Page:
• I would love to see the text of the letters she wrote. I’ve seen images on the web, but they are very low resolution, so I can’t read them. I understand she worked in the kitchen in Oakland. I did as well, in the summer or fall of 1972. I also went to live in Tomales Bay in the fall of ’72. It sounds like she visited, but didn’t go live there. Honestly, I don’t remember the initial visit to Tomales Bay.

  3. Thank you so much, I just wanted to ask first… One quick thing that is jumping to my mind: Do you remember visiting a ranch in Tomales Bay while at Synanon? I remember seeing the letters a long time ago and Rose had mentioned going to visit this ranch with her friend Ruth. (I’ve been trying to get copies of the letters posted again but the person who has them hasn’t been online in a long time)

    • Let me see what I can do about the letters. I can easily transcribe the above ones that I have the images of. (I’ll try to do that tomorrow) I also have text of a couple that were written after she ran away, but those are mostly poems and don’t talk much about Synanon. I can post those as well, if you’re interested in seeing those. The one that mentions you/Ruth is not one of the ones I have. They were online at one time, but I didn’t rush to download or transcribe them, I didn’t realize they would later be taken down. I will try contacting someone else who I think has copies of them.

      Some quick notes I have regarding the letters (I think this from someone else’s summary of the letters, and I just copied it):

      “She visited a ranch in Tomales Bay. She describes the place as beautiful and peaceful. She also called it a Boot Camp. She was interviewed to be sent to live there but only wanted to visit. She lived at the Center.

      Rose and a girl named Ruth were the youngest ones in Oct 15, 1972. They visited the ranch together.

      Fall of 1972. William “Buckwheat” Thomas from the Little Rascals visited the Center. She makes reference to this in another letter. Buckwheat dedicated most of his life to help kids on drugs around the CA area.”

      Tonight I’m going to try to hunt down the rest of the letters, I’ll post whatever I can tomorrow. Thank you again so much for your willingness to help!

      • Tomales Bay was certainly beautiful and peaceful. My understanding was that Synanon had bought 1/3 of Marin County! It was the beginning of the militarization of Synanon: we marched in formation, and were considered to be in an actual boot camp. I remember the big to-do about Buckwheat Thomas, from the Little Rascals, visiting Synanon.
        I do believe that we might have been the youngest in Oakland, maybe anywhere in the Synanon world. I was a juvenile delinquent, on probation in Florida, and my mother and grandparents didn’t know they were sending me into a cult. I was 14, but that was too young, so I lived with my grandparents in the Bay Area, till I turned 15, and then I could enter Synanon. Most everyone was older, for sure.

          • I recognize Chuck and Betty, of course, and possibly the short woman in the front row, 4th person from left. In my mind, the woman in the back row that some think might be Rose: She looks too old to be Rose; she doesn’t look 15 yrs old. But, of course, its hard to tell.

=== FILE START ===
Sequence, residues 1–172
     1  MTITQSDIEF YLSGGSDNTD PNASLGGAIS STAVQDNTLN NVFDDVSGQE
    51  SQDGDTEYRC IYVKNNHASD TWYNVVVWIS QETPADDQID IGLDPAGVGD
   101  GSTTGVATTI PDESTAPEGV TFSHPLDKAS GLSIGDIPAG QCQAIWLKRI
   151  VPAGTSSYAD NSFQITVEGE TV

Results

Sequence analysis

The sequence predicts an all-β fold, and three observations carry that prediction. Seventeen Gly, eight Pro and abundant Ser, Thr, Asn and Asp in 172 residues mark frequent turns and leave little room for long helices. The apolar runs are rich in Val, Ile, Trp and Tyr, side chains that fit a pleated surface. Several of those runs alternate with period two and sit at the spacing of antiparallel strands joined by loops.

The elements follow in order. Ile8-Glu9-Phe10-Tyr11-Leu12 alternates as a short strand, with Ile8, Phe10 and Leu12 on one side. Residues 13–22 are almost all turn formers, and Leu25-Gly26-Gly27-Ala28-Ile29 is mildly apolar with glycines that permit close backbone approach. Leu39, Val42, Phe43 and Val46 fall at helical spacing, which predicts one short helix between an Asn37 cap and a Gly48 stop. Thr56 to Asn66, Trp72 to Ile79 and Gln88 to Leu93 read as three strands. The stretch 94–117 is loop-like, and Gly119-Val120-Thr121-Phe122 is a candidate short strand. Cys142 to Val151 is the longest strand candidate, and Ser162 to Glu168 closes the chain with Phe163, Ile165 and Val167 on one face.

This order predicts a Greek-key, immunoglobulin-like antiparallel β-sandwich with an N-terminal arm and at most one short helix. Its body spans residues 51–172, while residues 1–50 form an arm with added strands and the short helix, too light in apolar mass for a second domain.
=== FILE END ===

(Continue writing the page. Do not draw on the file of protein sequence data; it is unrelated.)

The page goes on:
4. Hi Ruth, i’ve been reading about the disappearance of Rose today. I’ve kind of been shocked at the sheer amount of speculation about her. It’s a little bit morbid, but I was wondering if you could take a look at this unidentified person found in Oregon:


    People have speculated on dozens and dozens of unidentified persons – this was the one that I thought was a possibility, although the eye color isn’t correct.

  5. Ruth Rinehart, why haven’t you contacted authorities to tell them that you think you knew who Rose was? Maybe that can help bring peace to Rose’s family.

    • I am not Ruth, but wanted to mention that Ruth does not remember Rose. Unfortunately, a police department in Michigan has Rose’s case even though she was last known to be in San Francisco. It does not appear that they are interested in actually investigating her case, based on what her family has gone through.

    • Because my contact information is available … and my understanding is that Rose Cole’s family has pulled back. Folks can, and have, contacted me for more information and more understanding, but frankly, I have not much to offer. It breaks my heart that I don’t even remember her. But the facts surrounding her life in the Oakland Synanon home, and our trip to Tomales Bay, and her reference to our work together in the kitchen, does convince me that I did know her. But, in the big picture, it’s not significant, my contribution.

  6. Two years ago, I went back to Tomales Bay, doing a sort of pilgrimage to the Synanon sites (also Oakland and San Francisco). At Tomales Bay, at sunrise, I did a memorial service for Rose. If the family ever wanted it, I would share it with them. I’m happy to share the words with you. It was important to me. I survived, and she probably didn’t. Because of our ages, our being in trouble with the law, having no agency over our own lives and subjected to the abuse that was Synanon (to us, who were minors and couldn’t get out), I’ve come to identify with her. I survived and she probably didn’t. I carry that.

    • Ruth, you should not feel any guilt, it isn’t your fault that either of you were subjected to that. Remember too, she was known to be alive for a time after she left there. I think whatever happened to her, happened on the streets of San Francisco. The one who should feel guilt is the judge who sent her there.